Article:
In 2013, New York paid $600,000 in pension benefits to politicians who were occupying jail cells instead of offices.
That’s because New York’s constitution makes it nearly impossible to take away a person’s pension benefits—even if that person is a corrupt politician who was booted from office and sent to jail.
The same is true around the country, as at least six states protect pension benefits under their constitutions. It’s a well-meaning provision, but in the case of corrupt politicians it often has unintended consequences.
New Jersey has been paying attention to New York’s conundrum, and it wants no part of that game.
Three state legislatures (Sen. Christopher J. Connors, Assemblyman Brian E. Rumpf and Assemblywoman DiAnne C. Gove) recently proposed two initiatives that would shield taxpayers from the expenses that come with corrupt politicians—and force those politicians to pay for their court costs, among other things, by garnishing their pensions. From The Sand Paper:
The delegation’s first reform measure would make public officers or employees convicted of crimes affecting their office or found at fault in certain civil actions liable for the cost of prosecution and legal representation if received through the expense of public funds. Under the legislation, convicted persons would be subject to pension garnishment to satisfy the liability.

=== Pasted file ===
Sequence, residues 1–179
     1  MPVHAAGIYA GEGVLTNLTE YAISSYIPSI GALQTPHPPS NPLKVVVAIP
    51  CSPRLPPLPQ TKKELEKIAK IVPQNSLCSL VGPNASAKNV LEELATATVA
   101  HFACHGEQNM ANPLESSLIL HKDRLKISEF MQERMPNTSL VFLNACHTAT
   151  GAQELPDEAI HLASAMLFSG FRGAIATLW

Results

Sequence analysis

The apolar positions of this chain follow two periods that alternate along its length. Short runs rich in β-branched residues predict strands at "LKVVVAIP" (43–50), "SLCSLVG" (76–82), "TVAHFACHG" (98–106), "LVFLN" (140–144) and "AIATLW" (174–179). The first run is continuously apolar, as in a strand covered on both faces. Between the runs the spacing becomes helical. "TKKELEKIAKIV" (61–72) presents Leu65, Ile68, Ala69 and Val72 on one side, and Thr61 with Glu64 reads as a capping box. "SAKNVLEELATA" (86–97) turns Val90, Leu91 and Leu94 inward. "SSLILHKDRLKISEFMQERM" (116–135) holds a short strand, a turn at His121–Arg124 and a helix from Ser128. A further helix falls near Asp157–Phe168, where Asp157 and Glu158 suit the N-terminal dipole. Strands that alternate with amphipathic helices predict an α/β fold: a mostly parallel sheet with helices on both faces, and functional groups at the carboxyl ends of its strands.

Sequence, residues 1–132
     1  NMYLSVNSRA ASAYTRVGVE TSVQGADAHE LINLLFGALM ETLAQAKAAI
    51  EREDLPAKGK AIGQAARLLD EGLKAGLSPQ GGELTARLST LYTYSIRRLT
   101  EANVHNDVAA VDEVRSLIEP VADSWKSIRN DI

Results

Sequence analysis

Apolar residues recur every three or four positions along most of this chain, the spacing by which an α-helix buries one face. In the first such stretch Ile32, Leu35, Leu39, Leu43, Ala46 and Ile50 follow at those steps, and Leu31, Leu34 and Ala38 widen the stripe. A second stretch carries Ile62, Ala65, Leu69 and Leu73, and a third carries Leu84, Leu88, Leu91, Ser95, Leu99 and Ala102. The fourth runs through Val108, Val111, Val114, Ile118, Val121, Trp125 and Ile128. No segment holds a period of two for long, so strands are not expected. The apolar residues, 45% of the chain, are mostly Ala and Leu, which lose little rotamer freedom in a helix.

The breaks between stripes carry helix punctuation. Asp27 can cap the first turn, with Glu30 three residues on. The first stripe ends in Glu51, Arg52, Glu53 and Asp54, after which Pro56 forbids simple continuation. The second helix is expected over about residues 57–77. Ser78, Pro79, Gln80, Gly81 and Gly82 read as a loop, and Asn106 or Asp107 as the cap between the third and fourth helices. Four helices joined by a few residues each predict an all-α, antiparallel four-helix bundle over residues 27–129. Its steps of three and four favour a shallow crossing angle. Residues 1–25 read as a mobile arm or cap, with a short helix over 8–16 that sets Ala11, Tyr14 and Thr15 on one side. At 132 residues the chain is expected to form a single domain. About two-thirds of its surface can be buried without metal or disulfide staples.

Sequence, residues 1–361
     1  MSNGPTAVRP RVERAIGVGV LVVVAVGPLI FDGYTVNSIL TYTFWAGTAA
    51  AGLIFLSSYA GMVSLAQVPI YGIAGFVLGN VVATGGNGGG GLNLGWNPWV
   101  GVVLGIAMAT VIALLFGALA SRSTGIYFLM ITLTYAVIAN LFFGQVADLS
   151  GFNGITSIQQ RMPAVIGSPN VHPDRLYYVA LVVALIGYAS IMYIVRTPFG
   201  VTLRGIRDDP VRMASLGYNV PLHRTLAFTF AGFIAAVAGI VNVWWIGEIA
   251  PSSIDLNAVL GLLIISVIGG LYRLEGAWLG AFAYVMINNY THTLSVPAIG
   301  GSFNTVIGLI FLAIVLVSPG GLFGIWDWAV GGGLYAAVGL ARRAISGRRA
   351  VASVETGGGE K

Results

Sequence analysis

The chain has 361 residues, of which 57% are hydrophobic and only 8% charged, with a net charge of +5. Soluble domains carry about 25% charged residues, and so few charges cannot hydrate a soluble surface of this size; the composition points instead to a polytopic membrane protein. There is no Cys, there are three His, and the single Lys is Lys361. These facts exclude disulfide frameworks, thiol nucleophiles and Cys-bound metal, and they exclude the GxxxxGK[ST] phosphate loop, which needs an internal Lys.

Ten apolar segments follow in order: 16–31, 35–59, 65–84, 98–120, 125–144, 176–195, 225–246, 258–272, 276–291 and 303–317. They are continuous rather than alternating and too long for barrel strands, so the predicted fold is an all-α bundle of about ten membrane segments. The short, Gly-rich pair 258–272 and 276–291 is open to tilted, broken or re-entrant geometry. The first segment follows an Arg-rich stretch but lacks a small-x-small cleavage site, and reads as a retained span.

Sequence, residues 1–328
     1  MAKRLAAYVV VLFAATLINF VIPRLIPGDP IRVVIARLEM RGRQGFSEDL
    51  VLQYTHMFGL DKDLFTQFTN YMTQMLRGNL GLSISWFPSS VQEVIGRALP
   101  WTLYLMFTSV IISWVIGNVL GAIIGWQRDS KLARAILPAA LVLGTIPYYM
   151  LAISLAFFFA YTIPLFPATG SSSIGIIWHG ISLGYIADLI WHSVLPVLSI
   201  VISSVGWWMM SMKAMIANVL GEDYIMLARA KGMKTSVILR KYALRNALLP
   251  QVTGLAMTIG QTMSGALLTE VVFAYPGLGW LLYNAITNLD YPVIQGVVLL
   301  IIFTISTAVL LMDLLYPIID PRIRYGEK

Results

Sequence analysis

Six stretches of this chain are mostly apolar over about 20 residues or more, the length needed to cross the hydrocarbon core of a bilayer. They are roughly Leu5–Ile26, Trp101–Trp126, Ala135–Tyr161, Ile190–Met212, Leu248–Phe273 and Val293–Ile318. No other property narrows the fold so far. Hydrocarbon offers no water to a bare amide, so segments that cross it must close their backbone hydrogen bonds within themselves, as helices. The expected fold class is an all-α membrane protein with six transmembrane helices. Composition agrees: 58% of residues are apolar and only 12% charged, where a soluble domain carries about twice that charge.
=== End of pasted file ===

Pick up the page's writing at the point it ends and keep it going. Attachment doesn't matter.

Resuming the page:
The second measure would allow a public employer to levy a judgment for restitution of illegally obtained funds against a convicted public employee’s retirement allowance. Provisions of the legislation would apply to any official’s or employee’s pension contribution to principal state-administered retirement systems.
One interesting segment from the lawmakers’ joint statement on the initiatives:
“When holding public office, you are answerable to the people whose tax dollars fund the operations of government,” the statement said. “Therefore, it would be appropriate to garnish the public pension of convicted politicians as a means of recovering the cost of their prosecution and legal defense as well as funds illegally obtained through the use of their government position. To do so would mitigate the cost of corruption on taxpayers, whose interests should be put first as the victims of such crimes.”